“So, you studying ballet this week?” Gio asks. “You looked like West Side Story or some shit.”
“Tap,” I say.
At the Command, I sit across a desk from White Guy and fill out his online booking report. I know all about the revolving door that keeps the same faces passing before my eyes from the D to the command to the Tombs and back out again, but this guy is for sure not walking around unsupervised for at least a half a decade. Both of the guys he hit would be lucky to live past the weekend and “James Otto Healy,” as White Guy’s known to his parole officer, has priors like Calvin Murphy has kids. He’s been pretty chill from the moment we dropped him so I loosen his cuffs and Gio brings him a drink of water. A little blood trickles from one hand where he’s been cut by the cuffs. Where James is going he’s gonna need both his hands in working order. If a perp hasn’t been an asshole, I try to make the remaining time I spend with them as painless as I can. Anyway, I wanted to talk to him about those bags of dope while we had some privacy.
“Jim, you want to call anyone?” I say.
“No,” he kind of moans, “There isn’t anyone.” He’s starting to drown in the reality of the situation. He’s hunched forward and breathing shallowly. The rib shot has done a number on him.
“You sure? Family, friend, you don’t wanna let anyone know you’re going to jail?” I say.
“No,” he sighs. “Fuck it. Those guys, those two guys Hector and Tingo, they were my best friends.” He pauses. “I’ve known them since like forever.”
“Feel like telling me what happened?” I say. He’s talking it out. Fine with me.
“They were messing with my girl.”
“Both? You caught them?”
“Both, yeah. No, she told me. We were in bed this morning and she tells me. She was into it. We’re having problems. A lot of fights and shit…” He looks at the floor and is back in bed with a freshly broken heart for a second.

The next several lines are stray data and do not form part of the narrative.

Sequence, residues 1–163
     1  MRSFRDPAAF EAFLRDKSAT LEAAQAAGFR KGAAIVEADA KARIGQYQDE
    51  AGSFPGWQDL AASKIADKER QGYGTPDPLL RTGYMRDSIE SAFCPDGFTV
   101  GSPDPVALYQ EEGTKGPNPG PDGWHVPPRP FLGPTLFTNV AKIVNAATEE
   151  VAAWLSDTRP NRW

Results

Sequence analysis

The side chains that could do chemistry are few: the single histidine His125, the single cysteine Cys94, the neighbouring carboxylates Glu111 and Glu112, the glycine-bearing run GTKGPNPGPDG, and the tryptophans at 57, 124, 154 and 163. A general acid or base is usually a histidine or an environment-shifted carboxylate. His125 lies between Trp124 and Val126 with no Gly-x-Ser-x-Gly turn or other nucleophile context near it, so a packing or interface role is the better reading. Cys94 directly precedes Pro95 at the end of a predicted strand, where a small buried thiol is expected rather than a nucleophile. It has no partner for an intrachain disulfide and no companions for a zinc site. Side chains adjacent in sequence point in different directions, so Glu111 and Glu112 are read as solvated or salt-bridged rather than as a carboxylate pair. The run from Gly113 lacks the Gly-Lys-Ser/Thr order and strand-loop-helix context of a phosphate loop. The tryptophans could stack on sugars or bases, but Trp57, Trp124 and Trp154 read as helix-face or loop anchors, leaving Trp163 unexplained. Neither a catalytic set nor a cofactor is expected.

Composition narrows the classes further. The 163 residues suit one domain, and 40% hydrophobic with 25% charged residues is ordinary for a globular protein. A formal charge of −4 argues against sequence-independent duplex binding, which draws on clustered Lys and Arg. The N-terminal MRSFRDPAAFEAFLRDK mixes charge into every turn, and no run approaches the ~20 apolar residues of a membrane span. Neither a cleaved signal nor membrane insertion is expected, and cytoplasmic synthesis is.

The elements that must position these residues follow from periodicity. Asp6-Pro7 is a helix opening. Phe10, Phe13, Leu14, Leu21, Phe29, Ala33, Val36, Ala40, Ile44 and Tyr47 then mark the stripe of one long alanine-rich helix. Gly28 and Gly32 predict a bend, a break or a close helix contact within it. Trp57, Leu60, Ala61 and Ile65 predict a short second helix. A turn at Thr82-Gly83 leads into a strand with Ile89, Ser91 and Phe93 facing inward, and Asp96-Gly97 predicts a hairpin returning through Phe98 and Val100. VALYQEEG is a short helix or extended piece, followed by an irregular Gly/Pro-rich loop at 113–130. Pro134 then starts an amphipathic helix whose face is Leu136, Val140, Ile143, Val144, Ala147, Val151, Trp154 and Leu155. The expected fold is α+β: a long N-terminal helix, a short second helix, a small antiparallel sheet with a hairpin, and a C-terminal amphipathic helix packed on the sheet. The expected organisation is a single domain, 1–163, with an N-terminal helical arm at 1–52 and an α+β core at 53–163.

“I went out and I got high and when I saw them walking down the street, I went after them.”
“Yeah, you sure did. Where’d you get the bat?”
He looks across the table at me. “It’s mine. I went home and got it from my closet, came back and started hitting on them.” He starts to cry. “They were my best friends,” he sobs. “I know them like my whole life.” I wonder if he realized how much of their blood he was wearing. He looks at his wrist. It’s swelling fast. Turns out later he swung the bat so hard the impacts broke a bone in his hand.
“So, a little C or D sometimes?” I ask him gently, matter of fact–like we’re trading eye-glass prescriptions.
“Yeah,” he says. “I like coke but a little dope like helps me chill. I’m not like a dope addict, though. Just snort once in a while.”
“Right. So where did you go? For the dope.” I hold up the bags we found on him. I haven’t decided whether to voucher them or hang onto them and keep them and use them as sugar for our informants. “Third St.?”
“Yeah, Third Street. Mostly that spot.”
“‘Body Bag’, right? Yo, I seen you, bro.” I have. It clicks in for sure now.
“Yo, you seen me?” Even though it’s the least of his problems, it weirds the guy out that a cop knows a spot location, the name of a brand, and remembers him.
“Yeah. Yeah I seen you. That’s Eddie’s spot. You know Eddie, right?”
White Guy nods. “You’re friends with those guys, right? Eddie, Macatumba, they your boys, right?” He nods and smiles again. Then the 25,000 question.
“What about Davey Blue Eyes, bro? You ever see him? Davey Colas?” I try to be nonchalant but, just like everyone else on the D I ask about Davey, his expression transforms between my second and third syllable. He looks at me cold. “What,” I ask, “Eddie talks about him maybe?”
“No? ‘No’, you never seen him or ‘no’ Eddie never mentioned him or what?”
James Otto Healy leans forward and looks at me, clear-eyed and self-possessed and focused for the first and only time while we’re together. “No, I don’t even wanna say that dude’s name,” he says. “You see Beetlejuice? You say the name three times and he fucking pops up and you’re fucked, right? That’s how it is with that guy. You already said it twice. I never seen that guy and I know for sure I never want to. That’s all I heard and all I know and all I’m gonna fucking tell you, yo. Hey papi,” he turns to Gio, nerve ebbing again. “Can I get another glass of water or some juice or something? Fucking so hot…”
Alphaville: 1988, Crime, Punishment, and the Battle for New York’s Lower East Side, by Michael Codella and Bruce Bennett and published by Thomas Dunne Books, is on sale now.